|[Note Guidelines] Photographer's Note|
|The Northern Saw-whet Owl is a very small, short-bodied, Owl with a relatively short tail. The overly large head has no ear tufts and may appear distorted due to an asymmetrical skull. They look small when perched and tend to shuffle their feet, but in flight appear larger because of their broad wings.|
The facial disk has brownish and whitish radials around the edge, which fade to a whitish area around the eyes. There is also a dark area from the base of the bill to the bottom inside edge of each eye. The rest of the head is brownish to grey-brown and densely covered with white streaks, especially on the forehead. The eyes are large and bright yellow-orange. The bill is black.
Plumage is quite fluffy and brownish or reddish brown overall streaked with white underneath and spotted on the back. Flight feathers are spotted white. The legs and feet are light buff and heavily feathered. The toes are lightly feathered and the claws are dark horn with blackish tips.
Size: Length 17 to 21.9cm (6.7-8.6") Wingspan 45.9 to 56.3cm (18.1-22.2")
Weight 75-110g (2.6-3.9oz) - Females are slightly larger than males.
Habits: Northern Saw-whet Owls are strictly Nocturnal, with activity beginning at late dusk. During the day, they depend on plumage for camouflage when roosting in foliage, usually close to the ground. When threatened, a Saw-whet Owl will elongate its body in order to appear like a tree branch or bump, often bringing one wing around to the front of the body.
Flight is rapid, woodpecker-like, laboured, and undulating.
Voice: The Northern Saw-whet Owl vocalises during the breeding season only (usually between March and May). They are silent at other times of the year. The primary courtship call is a monotonous, whistled "hoop", emitted at about 1.5 notes per second which may last for several hours without a break. Territorial calls are series of short clear notes. The Saw-whet Owl's name comes from the "skiew" call that is made when alarmed. This sound has a resemblance to the whetting of a saw. When the male flies to the nest with food it gives a rapid staccato burst of toots, and the female responds with a soft "swEE".
Hunting & Food: These Owls hunt mainly at dusk and dawn and most often use the "sit and wait" tactic to drop down onto prey on the ground from low hunting perches. They will also range through wooded areas and hunt in heavy shrub cover. When prey is plentiful, a Saw-whet Owl will kill as many as 6 mice in rapid succession, without consuming any of them. The excess food is cached in safe places and, in winter, is thawed out later by "brooding" the frozen carcass. When food is plentiful, it is common for only the head of each prey to be eaten.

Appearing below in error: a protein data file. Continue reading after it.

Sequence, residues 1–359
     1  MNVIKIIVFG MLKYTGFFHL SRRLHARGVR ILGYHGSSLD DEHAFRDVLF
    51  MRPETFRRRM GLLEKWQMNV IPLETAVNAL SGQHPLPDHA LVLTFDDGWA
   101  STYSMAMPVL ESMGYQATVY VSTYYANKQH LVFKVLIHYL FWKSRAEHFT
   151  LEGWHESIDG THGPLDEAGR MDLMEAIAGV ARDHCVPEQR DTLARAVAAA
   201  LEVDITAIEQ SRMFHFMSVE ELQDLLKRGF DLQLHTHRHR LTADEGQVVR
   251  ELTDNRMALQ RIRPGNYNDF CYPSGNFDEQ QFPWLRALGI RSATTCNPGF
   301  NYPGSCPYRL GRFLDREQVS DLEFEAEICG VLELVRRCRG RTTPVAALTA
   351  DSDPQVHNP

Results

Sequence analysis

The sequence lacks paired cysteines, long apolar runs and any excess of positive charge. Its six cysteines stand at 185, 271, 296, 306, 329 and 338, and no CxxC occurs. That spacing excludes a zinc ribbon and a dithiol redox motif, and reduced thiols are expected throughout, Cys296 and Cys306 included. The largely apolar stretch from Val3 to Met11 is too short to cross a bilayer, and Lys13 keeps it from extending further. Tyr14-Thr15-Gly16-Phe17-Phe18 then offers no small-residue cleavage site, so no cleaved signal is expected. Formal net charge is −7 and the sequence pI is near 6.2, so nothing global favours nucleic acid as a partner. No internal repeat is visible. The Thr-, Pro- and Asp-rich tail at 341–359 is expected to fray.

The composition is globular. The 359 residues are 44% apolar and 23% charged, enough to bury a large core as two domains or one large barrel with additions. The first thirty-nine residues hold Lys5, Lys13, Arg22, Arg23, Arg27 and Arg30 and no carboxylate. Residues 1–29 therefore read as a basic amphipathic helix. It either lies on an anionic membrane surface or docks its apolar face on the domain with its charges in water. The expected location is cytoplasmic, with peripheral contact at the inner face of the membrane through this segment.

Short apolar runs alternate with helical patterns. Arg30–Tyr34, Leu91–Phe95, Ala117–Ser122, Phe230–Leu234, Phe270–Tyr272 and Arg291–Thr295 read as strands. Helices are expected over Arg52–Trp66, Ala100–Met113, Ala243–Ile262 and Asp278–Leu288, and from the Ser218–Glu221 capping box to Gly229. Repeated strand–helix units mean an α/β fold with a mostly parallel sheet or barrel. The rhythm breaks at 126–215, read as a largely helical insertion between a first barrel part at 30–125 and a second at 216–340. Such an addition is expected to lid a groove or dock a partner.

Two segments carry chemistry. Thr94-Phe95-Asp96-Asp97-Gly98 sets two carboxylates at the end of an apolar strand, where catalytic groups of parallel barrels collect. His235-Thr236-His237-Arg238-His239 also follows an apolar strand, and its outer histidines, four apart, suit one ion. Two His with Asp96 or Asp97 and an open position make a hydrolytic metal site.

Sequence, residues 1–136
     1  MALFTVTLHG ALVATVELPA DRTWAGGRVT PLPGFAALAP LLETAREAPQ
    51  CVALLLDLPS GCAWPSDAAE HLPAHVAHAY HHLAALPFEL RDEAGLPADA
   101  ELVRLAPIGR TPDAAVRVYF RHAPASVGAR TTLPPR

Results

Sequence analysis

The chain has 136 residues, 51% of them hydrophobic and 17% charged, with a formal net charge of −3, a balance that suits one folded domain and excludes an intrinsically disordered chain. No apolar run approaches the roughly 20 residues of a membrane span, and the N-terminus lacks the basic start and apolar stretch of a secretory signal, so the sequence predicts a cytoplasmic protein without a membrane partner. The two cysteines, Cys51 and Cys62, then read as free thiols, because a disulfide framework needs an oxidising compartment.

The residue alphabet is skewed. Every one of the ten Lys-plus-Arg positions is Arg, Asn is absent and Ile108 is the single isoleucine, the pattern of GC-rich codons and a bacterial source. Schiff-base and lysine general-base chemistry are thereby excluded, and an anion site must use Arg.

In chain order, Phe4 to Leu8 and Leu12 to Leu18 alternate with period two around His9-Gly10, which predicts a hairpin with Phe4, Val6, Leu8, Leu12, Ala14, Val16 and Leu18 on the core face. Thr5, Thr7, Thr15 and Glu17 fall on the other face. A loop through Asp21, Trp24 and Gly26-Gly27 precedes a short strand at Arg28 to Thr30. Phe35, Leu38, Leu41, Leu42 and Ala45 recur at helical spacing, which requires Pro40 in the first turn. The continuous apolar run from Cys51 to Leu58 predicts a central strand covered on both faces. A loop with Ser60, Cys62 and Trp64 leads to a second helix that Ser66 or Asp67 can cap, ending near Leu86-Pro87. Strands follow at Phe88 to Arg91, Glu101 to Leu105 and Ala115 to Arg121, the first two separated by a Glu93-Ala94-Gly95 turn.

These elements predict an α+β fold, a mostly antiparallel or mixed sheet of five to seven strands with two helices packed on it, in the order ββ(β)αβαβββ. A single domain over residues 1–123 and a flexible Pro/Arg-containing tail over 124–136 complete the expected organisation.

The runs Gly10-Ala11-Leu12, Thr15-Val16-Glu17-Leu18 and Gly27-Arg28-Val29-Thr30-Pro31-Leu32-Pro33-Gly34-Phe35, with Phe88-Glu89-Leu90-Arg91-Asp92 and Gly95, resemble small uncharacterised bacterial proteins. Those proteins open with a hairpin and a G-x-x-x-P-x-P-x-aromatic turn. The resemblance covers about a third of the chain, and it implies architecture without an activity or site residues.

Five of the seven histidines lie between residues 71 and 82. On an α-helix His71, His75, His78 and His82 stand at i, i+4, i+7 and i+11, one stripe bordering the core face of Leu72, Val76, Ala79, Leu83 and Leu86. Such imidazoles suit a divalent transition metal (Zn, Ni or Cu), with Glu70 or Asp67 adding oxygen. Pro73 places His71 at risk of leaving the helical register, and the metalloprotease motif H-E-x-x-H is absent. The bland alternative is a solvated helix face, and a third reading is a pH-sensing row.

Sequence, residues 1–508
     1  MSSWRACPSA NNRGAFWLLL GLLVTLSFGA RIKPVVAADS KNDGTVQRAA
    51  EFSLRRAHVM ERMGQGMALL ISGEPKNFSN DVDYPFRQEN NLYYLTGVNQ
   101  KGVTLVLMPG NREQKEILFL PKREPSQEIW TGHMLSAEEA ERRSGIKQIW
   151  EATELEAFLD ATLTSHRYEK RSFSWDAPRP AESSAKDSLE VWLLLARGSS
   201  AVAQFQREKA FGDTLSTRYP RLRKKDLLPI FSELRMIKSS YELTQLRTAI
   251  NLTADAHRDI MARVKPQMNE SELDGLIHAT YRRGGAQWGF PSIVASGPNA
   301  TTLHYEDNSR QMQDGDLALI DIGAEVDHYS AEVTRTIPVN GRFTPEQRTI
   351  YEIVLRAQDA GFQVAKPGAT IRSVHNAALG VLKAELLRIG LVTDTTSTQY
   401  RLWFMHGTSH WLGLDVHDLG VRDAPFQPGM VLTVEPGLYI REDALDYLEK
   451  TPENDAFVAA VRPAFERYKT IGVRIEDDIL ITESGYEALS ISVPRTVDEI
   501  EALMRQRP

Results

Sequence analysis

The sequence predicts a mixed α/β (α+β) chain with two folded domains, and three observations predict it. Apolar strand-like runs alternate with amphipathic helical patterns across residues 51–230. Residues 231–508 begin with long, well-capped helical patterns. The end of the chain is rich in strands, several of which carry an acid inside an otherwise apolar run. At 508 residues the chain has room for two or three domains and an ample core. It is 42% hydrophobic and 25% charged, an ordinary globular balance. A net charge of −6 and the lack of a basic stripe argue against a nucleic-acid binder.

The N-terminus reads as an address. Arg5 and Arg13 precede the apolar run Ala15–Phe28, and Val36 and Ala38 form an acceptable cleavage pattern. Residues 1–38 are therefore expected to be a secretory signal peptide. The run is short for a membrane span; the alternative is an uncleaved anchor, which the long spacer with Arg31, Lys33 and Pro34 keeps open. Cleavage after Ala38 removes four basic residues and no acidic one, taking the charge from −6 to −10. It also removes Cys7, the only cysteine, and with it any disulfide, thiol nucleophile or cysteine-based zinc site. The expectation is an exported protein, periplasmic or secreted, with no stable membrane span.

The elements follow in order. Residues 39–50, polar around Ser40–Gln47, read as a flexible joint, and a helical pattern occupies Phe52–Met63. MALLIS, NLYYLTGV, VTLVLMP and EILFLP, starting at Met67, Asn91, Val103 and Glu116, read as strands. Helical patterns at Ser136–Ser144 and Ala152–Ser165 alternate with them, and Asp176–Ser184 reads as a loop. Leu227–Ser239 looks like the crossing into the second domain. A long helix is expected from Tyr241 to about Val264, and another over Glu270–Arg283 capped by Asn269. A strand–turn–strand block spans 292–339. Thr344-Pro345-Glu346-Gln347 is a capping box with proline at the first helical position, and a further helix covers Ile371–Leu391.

Northern Saw-whet Owls feed almost entirely on small mammals, Deer mice being the primary prey, followed by shrews and voles. Other mammals include squirrels, moles, bats, flying squirrels, and house mice. Small birds are sometimes taken and include swallows, sparrows, chickadees, and kinglets. Larger birds such as Northern Cardinal and Rock Dove can be killed by one of these small Owls. Frogs and insects are also part of their diet.
Pellets are very small and dark grey, about 1.9cm (0.75") by 1.3cm (0.5") and are ejected with great difficulty, usually with a great deal of twisting of the body and head.
Breeding: Because of their nomadic nature it is unlikely that pair bonds are permanent or that birds often return to the same nest site. Males sing their territorial song mainly in late-March and April. After a female has been attracted to a male by his song, he will fly in circles above her while calling, or he will take her directly to the nest site he has located (again, while calling). The male then lands near her and begins a complex series of bobbing and shuffling as he inches towards her. Often, the male has a mouse in its bill and offers it to the female.
Northern Saw-whet Owls nest in old woodpecker cavities, (primarily those made by Pileated Woodpeckers or Northern Flickers) or in natural cavities. They will also take to nest boxes quite readily. Nest trees are often dead and nest heights average 4 to 6 metres (13-20 feet) above ground. Nesting occurs between March and July.
Clutch sizes range from 3 to 7 eggs (average 5-6) laid at periods of 1 to 3 days, but usually 2. Eggs average 30x25 mm (1.18x1"). The female does all incubation and the male brings food to her and defends the nesting area. The incubation period is 21 to 28 days. Young fledge at 4 to 5 weeks, and may leave the nest individually every 1 to 2 days, until they have all left. The young owls are cared for by the parents for some weeks after they leave the nest. Sexual maturity is reached at 9-10 months old.
A pair will raise a single brood; in years when food is abundant, they will nest slightly earlier in the season.
One more from the Amherst Island trip.
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